Establishing the salaries of founders is never easy. Their profiles are very eclectic and for founders, the real incentive should be equity, not salary.
The general principle is the following: being able to earn more money in the long run if the company is successful thanks to equity, but having a discount in the present time (especially before market-fit), compared to what they could be earning in an established company.
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The key is to think in term of fairness (same salary for the same responsibility, and never forgetting that employees care mostly about their standing in a specific reference group — their peers), which does not hinder you from using money as an incentive to get a promotion.
The core principles of any good compensation policy:
Netflix has made their compensation philosophy famous thanks to their amazing culture deck (slides 95–111): pay top of market, because one outstanding employee gets more done and costs less than two adequate employees. This requires a frequent update since market compensation change often.
The main trade-off regarding wages is the split between fixed and variable salaries. The rule of thumb is to give 20% of the fixed salary in variable. In the US it is on average 50–60% and can go up to 100% in certain companies.
A good variable policy is a management lever to (1) link individual contributions to the overall strategy of the company, (2) catalyse everyone’s outcome (by increasing motivation), (3) fill the gap between market practices and the actual outcome.
In the economic theory, wages are linked to the value created by the employee. The problem is that value creation is very hard to measure.
Sometimes someone’s productivity is simple to assess (eg: if you manufacture products all by yourself). But once you start to put in place some kind of division of labour, it starts to get very complex: different people contribute in different ways to the company’s value creation.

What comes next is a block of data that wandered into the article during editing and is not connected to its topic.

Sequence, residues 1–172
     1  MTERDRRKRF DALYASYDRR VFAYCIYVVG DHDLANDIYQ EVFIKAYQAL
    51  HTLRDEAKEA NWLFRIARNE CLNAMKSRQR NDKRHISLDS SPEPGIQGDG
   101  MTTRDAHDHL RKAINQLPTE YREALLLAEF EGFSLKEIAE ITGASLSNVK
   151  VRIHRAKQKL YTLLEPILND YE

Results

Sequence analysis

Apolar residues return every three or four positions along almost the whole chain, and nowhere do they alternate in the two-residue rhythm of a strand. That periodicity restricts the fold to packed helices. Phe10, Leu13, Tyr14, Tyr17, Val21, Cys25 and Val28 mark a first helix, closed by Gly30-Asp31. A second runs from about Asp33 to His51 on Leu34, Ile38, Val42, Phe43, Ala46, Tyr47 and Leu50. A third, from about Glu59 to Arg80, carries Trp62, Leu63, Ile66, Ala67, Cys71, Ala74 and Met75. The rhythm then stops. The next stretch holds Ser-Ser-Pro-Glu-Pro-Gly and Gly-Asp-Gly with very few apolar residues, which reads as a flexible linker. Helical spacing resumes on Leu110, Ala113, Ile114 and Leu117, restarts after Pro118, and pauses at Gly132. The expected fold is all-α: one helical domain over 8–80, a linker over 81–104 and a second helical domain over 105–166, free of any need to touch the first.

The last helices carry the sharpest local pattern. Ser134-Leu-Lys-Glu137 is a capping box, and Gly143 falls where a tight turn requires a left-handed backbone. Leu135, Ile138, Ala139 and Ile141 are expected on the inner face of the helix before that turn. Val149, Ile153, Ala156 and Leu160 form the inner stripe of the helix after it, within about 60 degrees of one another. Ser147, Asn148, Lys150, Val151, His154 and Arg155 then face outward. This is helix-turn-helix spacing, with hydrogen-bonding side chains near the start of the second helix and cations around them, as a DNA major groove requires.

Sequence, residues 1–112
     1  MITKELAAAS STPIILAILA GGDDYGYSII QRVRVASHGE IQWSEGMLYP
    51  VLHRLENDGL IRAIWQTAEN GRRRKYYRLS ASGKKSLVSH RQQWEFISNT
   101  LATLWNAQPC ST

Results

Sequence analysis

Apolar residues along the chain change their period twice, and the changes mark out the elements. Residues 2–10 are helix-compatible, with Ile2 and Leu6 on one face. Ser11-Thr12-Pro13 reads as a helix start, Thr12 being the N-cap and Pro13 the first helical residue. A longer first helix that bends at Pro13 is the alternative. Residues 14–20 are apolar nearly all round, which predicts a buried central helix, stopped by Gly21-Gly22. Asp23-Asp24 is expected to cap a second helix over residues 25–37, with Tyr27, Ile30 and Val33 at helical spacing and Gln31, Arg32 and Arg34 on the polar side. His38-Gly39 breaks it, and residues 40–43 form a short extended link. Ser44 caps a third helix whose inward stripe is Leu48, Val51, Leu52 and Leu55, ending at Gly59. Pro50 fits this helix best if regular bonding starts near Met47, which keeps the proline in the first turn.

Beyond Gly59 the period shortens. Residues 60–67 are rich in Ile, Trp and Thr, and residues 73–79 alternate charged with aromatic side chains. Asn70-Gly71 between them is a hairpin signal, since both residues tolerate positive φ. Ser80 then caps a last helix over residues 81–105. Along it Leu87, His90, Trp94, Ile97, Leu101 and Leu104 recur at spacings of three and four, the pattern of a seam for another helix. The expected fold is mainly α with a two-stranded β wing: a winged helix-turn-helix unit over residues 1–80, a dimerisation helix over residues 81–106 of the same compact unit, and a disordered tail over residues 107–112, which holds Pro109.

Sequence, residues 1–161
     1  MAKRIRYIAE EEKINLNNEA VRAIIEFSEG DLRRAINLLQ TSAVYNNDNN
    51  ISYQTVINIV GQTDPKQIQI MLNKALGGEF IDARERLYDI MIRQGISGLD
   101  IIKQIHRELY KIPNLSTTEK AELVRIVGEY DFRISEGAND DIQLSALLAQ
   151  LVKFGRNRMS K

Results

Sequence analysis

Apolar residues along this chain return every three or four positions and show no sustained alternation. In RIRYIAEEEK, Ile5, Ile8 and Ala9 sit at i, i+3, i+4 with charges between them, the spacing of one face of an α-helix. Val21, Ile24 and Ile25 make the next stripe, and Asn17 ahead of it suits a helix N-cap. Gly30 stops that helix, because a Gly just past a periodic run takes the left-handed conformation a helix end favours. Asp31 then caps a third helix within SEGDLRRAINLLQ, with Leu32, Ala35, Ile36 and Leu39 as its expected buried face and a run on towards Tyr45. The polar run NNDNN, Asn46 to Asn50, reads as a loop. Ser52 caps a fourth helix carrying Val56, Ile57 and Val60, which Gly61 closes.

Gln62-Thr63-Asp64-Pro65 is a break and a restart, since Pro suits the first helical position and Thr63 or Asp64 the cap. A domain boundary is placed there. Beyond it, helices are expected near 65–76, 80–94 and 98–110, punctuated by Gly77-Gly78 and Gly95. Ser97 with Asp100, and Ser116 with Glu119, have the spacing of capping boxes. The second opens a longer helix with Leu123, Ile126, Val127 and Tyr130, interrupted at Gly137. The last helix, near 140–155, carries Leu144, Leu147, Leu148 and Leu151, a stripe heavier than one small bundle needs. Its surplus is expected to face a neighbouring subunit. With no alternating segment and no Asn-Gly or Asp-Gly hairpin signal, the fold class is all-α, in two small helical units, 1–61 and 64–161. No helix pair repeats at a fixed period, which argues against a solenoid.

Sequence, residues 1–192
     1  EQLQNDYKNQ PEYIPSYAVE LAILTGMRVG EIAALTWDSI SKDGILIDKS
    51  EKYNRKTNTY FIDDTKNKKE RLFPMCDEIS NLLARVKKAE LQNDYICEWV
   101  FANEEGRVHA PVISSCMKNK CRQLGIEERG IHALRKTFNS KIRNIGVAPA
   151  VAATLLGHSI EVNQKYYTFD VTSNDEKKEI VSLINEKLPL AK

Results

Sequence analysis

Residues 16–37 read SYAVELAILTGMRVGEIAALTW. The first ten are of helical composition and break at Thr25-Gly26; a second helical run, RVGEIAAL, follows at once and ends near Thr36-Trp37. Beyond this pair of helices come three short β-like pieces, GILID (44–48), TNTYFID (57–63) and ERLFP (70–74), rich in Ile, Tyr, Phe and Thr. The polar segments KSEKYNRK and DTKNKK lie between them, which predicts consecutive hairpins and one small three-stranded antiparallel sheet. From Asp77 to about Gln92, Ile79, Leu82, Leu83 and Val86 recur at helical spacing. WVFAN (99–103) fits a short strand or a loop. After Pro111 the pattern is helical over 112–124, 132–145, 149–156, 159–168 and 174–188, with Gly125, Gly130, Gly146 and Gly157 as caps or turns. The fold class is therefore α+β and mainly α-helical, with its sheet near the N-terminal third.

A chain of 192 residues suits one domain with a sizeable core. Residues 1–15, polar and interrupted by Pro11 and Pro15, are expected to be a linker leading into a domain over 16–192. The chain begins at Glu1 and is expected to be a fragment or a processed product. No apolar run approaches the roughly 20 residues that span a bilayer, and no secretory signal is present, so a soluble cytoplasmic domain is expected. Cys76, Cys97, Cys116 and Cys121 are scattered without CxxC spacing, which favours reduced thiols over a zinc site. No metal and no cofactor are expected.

Buffer, being a distributed team across the world, had to make sure they were competitive with the local market practices and keeping a fair formula for all their employees.
To build their grids, they designed a transparent salary formula, which has the benefit of making the salary readable and objective (let alone the experience which is discretionary): Role * Experience * Loyalty * Choice
You cannot rely exclusively on benchmarks and market practices, so you will have to build grids of compensation across your company. For each type of position (“tracks”), you should have a dedicated grid. You’ll end up with grids for sales, developers, product managers, etc.
The bigger your company, the more tracks you will have (eg: data scientist, buyers, account managers, etc.). These grids should reflect market compensation, becoming efficient proxies between two compensation benchmarks.
Many companies have strict policies against discussing salaries with coworkers. The older generation is brainwashed to see conversations about salary as a ‘cloak and dagger activity’.
Millennials have broken this flawed and unwritten rule, making discussion of salaries a common conversation, resulting in increased salary transparency and better negotiation power.
Free food, Beer taps and ping pong games in the break room do not help employees feel connected with the company's vision, mission or direction.
Employees prefer equity/stock compensation, the non-cash payout they get by being allocated restricted stock options.
Employees then become partial owners of the company, vested into how it performs, increasing their motivation to be more productive and effective.
In traditional corporate environments, the salary is often hidden because it’s a game of cat and mouse trying to figure out what salary the candidate is currently on, what they’re expecting, and what the company is willing to pay.
But this lack of disclosure hurts workers. Knowing the expected salary upfront lets a candidate understand whether a job will be financially viable for them. It also streamlines conversations later in the hiring process.
❤️ Brainstash Inc.